Involving our community in Copenhagen
Performing large-scale construction operations in densely populated urban areas raises many challenges, many of a technical nature, but it is also paramount to avoid disrupting the lives of people living and working near the construction sites, and to keep site noise and traffic to a minimum.
The best way to enable people to understand what our work signifies – in terms of the added value implied by bespoke construction solutions and contributions to the improvement of the territory – is to open the doors of the construction sites to the public. This is what we have done in Copenhagen, where we are constructing 15 kilometres of dual tunnel and 17 underground metro stations in the city centre (Cityringen project). Here we have organised a series of information campaigns to involve local communities, inviting them on tours of the worksites, to explain the technologies applied and the work in progress.
From April to October 2014 we held a six-month period of Open Site Days, in which we invited neighbours, communities, and the general public to enter our worksites and meet the people who are actually working behind those fences, to provide a hands-on experience of what is happening at our worksites and around the city.
We also arranged a special Open Site Day in our storage area located near the harbour, to display two of our TBMs (Tunnel Boring Machine) to the public. In this occasion, over 6,000 people came to admire this massive machinery.
In addition, on October 10 during the big event of Copenhagen's annual Culture Night (Kulturnatten), which heralds the autumn recess and offers children and adults hundreds of cultural events in a single night, our central worksites in the city were opened to the public.
In the course of the year we held two ad hoc neighbourhoods meetings in special worksites where residents had been affected by our daily activities. Special neighbourhood meetings of this kind are usually arranged in league with the client, in order to have a better communication with the local community, and to encourage a face-to-face dialogue with those concerned.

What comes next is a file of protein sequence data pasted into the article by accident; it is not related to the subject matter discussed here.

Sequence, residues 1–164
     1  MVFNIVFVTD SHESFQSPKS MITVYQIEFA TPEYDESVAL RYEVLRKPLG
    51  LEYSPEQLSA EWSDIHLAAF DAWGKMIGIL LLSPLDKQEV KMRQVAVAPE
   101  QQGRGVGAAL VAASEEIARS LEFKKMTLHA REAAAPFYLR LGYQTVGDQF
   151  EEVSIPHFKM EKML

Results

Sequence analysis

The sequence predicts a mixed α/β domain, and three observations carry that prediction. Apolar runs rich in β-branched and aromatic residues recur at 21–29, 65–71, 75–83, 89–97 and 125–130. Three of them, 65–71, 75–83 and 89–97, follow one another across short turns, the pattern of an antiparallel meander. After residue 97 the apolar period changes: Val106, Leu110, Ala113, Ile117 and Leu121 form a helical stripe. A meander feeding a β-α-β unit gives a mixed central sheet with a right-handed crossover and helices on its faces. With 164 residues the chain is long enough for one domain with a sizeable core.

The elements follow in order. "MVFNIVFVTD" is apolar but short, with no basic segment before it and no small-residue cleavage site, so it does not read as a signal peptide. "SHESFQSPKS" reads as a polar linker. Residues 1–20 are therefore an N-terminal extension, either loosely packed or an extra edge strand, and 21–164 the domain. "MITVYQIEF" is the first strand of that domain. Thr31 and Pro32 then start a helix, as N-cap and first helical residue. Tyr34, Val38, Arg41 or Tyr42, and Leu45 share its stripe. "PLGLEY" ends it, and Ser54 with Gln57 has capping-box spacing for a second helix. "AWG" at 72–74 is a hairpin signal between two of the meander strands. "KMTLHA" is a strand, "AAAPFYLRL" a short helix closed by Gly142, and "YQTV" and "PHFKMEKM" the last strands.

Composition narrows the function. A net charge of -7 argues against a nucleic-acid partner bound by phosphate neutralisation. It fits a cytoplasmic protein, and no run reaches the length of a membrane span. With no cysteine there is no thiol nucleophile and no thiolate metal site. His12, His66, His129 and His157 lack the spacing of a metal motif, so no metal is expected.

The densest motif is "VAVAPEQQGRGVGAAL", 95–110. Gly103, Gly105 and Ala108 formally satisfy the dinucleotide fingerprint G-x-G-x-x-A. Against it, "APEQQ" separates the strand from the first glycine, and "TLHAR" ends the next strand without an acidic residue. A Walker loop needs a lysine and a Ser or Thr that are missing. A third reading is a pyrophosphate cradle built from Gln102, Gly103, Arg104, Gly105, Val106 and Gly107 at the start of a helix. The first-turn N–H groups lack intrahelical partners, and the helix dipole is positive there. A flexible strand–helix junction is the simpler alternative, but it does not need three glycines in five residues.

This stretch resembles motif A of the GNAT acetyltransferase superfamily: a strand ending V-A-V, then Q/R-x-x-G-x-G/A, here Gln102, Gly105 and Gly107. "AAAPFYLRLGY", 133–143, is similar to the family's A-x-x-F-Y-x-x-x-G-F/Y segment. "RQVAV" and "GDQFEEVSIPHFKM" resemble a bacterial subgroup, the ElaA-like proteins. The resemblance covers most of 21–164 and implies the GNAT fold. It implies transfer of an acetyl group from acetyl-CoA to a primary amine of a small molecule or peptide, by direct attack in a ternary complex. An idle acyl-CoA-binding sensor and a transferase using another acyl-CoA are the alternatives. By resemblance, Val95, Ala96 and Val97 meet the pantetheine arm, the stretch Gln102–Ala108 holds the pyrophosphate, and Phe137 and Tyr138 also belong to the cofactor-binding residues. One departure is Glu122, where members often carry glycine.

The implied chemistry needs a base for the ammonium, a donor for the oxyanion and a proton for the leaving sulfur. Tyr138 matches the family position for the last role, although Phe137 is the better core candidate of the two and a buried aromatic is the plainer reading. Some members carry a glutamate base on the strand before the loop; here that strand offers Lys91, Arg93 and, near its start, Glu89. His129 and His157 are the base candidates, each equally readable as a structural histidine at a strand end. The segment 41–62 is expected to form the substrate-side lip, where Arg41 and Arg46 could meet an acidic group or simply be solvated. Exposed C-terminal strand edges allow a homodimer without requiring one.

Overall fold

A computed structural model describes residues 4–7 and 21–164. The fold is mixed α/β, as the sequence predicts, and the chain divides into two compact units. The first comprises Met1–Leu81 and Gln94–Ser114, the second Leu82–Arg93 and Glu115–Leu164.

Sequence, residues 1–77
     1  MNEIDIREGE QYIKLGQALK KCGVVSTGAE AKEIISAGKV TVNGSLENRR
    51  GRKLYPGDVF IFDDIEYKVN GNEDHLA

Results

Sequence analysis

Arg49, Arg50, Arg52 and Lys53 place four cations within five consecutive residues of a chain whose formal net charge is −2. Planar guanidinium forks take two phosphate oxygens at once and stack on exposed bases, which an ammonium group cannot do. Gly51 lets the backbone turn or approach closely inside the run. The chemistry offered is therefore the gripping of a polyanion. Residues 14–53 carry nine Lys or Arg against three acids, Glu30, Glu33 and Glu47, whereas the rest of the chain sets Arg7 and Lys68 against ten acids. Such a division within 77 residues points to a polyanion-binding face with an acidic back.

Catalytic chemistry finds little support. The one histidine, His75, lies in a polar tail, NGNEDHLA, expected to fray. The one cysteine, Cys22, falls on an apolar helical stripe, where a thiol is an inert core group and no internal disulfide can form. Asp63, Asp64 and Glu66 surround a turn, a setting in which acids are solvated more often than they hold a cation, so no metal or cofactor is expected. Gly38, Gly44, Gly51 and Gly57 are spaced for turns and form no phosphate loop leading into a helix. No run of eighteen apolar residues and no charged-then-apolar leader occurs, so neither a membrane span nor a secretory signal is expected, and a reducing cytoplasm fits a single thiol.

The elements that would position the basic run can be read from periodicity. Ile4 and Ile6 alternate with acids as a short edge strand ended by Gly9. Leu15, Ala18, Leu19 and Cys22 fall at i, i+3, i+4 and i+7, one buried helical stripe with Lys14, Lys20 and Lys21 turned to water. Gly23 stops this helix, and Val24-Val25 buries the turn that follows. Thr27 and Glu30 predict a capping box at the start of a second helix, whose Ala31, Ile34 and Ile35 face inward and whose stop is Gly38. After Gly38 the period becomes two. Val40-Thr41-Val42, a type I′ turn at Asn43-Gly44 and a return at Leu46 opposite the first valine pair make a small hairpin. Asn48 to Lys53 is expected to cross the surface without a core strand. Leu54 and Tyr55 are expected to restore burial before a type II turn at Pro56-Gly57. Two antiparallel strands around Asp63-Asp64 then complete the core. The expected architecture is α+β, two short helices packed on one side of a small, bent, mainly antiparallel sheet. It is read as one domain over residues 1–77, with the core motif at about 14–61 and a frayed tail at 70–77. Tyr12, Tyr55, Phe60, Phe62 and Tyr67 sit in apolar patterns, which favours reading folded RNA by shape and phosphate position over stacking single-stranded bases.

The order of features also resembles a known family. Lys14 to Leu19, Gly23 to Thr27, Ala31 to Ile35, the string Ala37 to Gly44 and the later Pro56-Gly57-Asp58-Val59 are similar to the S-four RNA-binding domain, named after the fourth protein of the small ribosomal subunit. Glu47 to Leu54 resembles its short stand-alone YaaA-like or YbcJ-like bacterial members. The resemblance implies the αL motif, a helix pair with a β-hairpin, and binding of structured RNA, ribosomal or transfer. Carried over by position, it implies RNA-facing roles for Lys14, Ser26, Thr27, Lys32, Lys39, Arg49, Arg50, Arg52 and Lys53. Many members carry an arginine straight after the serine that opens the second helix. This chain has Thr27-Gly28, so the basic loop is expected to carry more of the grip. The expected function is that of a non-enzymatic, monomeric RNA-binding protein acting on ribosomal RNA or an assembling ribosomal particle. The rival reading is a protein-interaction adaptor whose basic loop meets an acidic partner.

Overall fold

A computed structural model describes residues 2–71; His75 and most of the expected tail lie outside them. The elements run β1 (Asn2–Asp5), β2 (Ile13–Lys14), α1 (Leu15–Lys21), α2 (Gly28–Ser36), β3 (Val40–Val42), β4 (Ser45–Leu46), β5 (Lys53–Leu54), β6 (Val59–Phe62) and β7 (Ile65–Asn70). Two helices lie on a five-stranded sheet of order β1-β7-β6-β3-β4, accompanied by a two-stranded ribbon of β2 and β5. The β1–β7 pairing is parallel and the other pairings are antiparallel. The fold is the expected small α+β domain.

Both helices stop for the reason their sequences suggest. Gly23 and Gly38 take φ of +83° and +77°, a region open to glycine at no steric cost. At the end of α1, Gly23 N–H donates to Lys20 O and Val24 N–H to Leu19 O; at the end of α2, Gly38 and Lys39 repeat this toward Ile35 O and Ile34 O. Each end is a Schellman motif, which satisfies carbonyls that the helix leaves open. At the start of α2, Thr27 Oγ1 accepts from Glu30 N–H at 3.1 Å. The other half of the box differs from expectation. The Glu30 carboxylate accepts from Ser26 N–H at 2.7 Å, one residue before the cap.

Again in tandem with clients, our worksites also welcome visits from educational and professional organisations. As main Contractor, in 2014 we hosted more than 10 visits from schools, universities, and professional delegations from different parts of Europe interested in engineering and geotechnical projects.
We also arranged a special event in December 2014 focused on Salini Impregilo as a central player in Denmark and as the leading company in the joint venture for the realisation of the Cityringen metro system in Copenhagen, an event that saw a sizeable flow of curious citizens to our information stand.
These initiatives always get an excellent response and participants are notably enthusiastic, and their success is further proof that opening our sites and allowing people to see for themselves what we do is the best way to explain all the noise and why we take up space while Cityringen is under construction.
But our communications strategy comprises other means for maintaining close contact with our communities. In Copenhagen for example we have implemented a web-based messaging system that alerts neighbours by text to their mobile phones about unexpected noise and traffic linked to our operations. In addition, citizens are provided with a specific email address for any complaints, enabling us to promptly take steps to resolve such issues.